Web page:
CAIRO -- Security forces clashed with supporters of Egypt's ousted President Mohammed Morsi early Saturday, killing at least 38 protesters, the Health Ministry said, in an outburst of violence that put the possibility of political reconciliation in the deeply divided nation ever further out of reach.
In chaotic scenes, pools of blood stained the floor and bodies were lined up under white sheets in a makeshift hospital near the site of the battles in eastern Cairo as doctors struggled to cope with the flood of dozens of wounded.
The extent of the carnage underlined the willingness of police to unleash deadly firepower against any expansion of Islamist-led protests demanding the reinstatement of Morsi. Military-backed authorities are feeling emboldened after millions turned out for nationwide rallies Friday called by the army chief in support of a tough hand against what he called "terrorism."
The bloodshed also pointed to the Islamists' readiness to challenge the security forces as Morsi's supporters try to win over public support for their cause.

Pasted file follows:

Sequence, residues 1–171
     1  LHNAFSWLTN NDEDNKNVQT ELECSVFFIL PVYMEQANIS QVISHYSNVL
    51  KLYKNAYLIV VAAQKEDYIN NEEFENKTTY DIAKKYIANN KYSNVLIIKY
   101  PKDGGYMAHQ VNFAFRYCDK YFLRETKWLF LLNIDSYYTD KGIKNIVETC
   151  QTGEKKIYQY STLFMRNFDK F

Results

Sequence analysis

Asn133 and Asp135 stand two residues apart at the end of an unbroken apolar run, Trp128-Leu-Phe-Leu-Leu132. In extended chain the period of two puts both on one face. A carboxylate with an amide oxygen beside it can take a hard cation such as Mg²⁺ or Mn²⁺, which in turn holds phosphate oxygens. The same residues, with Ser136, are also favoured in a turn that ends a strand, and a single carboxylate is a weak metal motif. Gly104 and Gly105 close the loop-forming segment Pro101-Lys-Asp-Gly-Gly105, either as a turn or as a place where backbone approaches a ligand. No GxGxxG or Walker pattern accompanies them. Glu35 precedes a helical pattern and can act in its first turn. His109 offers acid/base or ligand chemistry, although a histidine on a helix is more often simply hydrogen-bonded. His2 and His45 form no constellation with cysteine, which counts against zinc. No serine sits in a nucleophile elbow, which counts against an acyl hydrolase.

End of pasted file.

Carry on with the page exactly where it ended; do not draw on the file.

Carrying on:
The fighting, which began before dawn and stretched out over several hours, was one of the deadliest bouts of violence since the military ousted Morsi on July 3 in the wake of massive protests demanding his removal. Soon after Morsi's fall, more than 50 of his supporters were killed in a similar outbreak of violence outside a headquarters of the Republican Guard.
A leading figure of Morsi's Muslim Brotherhood, Mohammed el-Beltagy, blamed the violence on army chief Gen. Abdel-Fattah el-Sissi's call for rallies on Friday.
"This is the mandate el-Sissi took last night -- to commit massacres and bloodshed against peaceful protesters denouncing the military coup," el-Beltagy said in a statement on his Facebook page.
The clashes began after a crowd of Morsi supporters late Friday moved out of their main sit-in camp where they have been located for nearly three weeks, in front of the Rabaah al-Adawiyah Mosque.
Some of them installed themselves on a nearby major boulevard, blocking traffic. They began to set up tents there, planning to stay there at least three days, said Mahmoud Zaqzouq, a Brotherhood spokesman. Others went up on a nearby highway overpass, he told The Associated Press.
Police moved in and fired tear gas to break up the crowds at around 2 a.m., and protesters responded with volleys of stones in battles near a memorial to former President Anwar Sadat, who was assassinated in 1981.
Gunshots also rang out, seemingly from both sides, said one witness, Mosa'ab Elshamy, a freelance photographer, though he could not tell who started firing.